And there was indeed a certain switch in terms of enjoyment to chess. E.g. (I would love to post diagramms instead of variations to underline my point, but some variations have to suffice).

I am an opening specialists and there are some certain opening lines/positions which give the one side a certain advantage (like bishop pair) in exchange for structural damage. Here would be 2 of them:
a) 1.e4 e6 2.d4 d5 3.Nd2 Nf6 4.e5 Nfd7 5.Bd3 b6(?!) 6.c3 c5 7.0-0 Ba6 and so on for black. Here black trades his bad bishop ealy but gives white an initiative. Objectivly speaking this is straight up bad for black, but to prove it white has to know some deep methods and a lot of chess understanding
b)1.d4 Nf6 2.c4 e6 3.Nc3 Bb4 4.e3 c5 5.Nf3 Nc6 6.Bd3 0-0 7.0-0 Bxc3 8.bxc3 d6 9.e4 e5 for black. Again- black gives up the bishop pair for doubled pawns and an endgame advantage. It is plain up easy game for black. It is easy to find the right moves. White should be objectivly better, but to understand, and moreover make this advantage usefull you need a high level of skill.
c)Any kind of isolated pawn stuctures for the defending side follows same reasoning

So given this few examples here is my answer to OP's question. When I was not as strong as I am today, when I could not face GM's and had not the deep understanding I have right now, I was happy to have so many great lines, where I could crush my even oponents ('even' might even mean up to 2200 Elo). I was wrong, or rather oblivious, since I did not understand the compensation in these kind of positions. Since I was never worried (I did not believe in my opponents position), and my opponent was not strong enough to prove it, I was very content playing and winning easily with black. It gave me a lot of joy to crush my opponents from the opening and thinking I had the game a lot of times in the bag before we reach move 20...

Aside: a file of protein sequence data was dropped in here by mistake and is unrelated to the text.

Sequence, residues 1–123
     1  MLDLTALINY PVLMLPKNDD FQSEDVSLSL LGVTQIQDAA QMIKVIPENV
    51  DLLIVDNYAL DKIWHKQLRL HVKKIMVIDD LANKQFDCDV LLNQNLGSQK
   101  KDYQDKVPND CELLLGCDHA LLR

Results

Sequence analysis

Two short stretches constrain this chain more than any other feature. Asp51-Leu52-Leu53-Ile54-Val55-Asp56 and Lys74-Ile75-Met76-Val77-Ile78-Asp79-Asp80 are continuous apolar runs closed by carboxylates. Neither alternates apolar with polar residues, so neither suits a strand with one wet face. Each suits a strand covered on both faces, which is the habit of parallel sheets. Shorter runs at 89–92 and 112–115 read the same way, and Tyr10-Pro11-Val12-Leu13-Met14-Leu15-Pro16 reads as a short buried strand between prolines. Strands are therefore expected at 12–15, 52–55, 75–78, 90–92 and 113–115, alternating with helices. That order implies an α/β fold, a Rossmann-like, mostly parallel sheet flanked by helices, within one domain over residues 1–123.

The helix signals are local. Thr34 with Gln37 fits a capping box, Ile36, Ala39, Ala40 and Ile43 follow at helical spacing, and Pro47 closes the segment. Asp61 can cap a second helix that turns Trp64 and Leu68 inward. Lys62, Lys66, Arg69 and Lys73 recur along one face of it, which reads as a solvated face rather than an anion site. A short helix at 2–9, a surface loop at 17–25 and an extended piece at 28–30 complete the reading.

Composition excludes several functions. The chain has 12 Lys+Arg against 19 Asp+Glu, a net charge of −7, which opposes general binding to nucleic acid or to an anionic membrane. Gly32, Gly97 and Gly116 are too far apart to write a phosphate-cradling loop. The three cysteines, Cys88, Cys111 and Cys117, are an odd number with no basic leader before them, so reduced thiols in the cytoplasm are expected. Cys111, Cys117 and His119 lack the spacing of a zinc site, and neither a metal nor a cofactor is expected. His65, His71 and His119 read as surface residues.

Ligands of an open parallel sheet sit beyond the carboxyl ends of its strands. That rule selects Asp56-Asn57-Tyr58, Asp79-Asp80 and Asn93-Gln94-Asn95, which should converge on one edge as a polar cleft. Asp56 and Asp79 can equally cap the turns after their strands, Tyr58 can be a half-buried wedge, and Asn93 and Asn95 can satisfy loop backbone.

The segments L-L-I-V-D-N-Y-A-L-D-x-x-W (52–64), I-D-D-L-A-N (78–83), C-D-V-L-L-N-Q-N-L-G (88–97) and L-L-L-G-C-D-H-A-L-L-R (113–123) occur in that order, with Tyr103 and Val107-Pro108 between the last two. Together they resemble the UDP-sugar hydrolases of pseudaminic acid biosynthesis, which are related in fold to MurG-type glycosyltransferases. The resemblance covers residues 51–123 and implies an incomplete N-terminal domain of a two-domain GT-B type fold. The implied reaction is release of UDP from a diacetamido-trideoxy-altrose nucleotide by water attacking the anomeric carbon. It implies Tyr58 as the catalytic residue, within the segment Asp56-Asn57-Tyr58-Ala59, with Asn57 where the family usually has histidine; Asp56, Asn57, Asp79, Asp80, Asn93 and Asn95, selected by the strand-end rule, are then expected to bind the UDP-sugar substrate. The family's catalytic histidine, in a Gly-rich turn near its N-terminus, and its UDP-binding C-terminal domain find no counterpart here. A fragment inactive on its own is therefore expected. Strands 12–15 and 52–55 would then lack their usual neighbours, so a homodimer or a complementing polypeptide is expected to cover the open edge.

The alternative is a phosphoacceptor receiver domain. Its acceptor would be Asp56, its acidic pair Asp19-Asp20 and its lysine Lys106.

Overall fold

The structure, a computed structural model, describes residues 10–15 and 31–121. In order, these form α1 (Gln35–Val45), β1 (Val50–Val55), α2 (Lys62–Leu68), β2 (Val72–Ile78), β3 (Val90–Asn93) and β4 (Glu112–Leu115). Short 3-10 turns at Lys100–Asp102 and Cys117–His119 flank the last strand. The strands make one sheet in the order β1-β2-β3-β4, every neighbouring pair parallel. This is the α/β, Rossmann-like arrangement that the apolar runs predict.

That was joy without doubt. But climbing higher I started to notice that my defenses have some breaches. Even if my opponents did not see what I saw, my perspective of these seemingly easy to win games changed. I started to play these positions from the other side, which I thought was just dumb and I started to improve. I got to find the winning strategies in positions I considered to be unplayable for the other side. And honestly, I am proud of myself to get over that breach. But at the same time, in terms of "joy", it is not easy going any more. Since know I know the problems of the positions (e.g. the mentioned), I would never get into them again as I would 5 years ago. Even if in practical game I would just wreck guys with Elo 2200 like I did before, I lack confidence. I would not bring myself to play something I consider to be bad. Beeing not oblivious robbed me the joy of crushing my opponents like I did in my youth!
Instead, I tend to try to win it 'the honest right way', that is playing the objectivly right side. I feel that is the right way to improve, and that is the reason why I get my chances to give a fight even with the likes of Ivanchuk, but what I get now is: instead of fighting for 2 results as I did in my youth (oblivious easy going way: if the oponent breaks I win, otherwise he might hold but I am never in danger of losing) to working hard on the other side, often not beeing able to find the needed strategy/move (just because I understand the compensation to an extent does not mean I master it), which results me in sometimes even struggling against the same minded guys like I was. If we pick the position a) e.g. once I happened not to find the solution over the board in the time I had , whereas my ('oblivious') opponent never believed there is one at all. We were both right, he won. I was clearly the better player, but that did not change the result. So in a certain way, once I got to my "professional" strength, I was proud of my strenght, but I lost quite a bit in terms of enjoyment...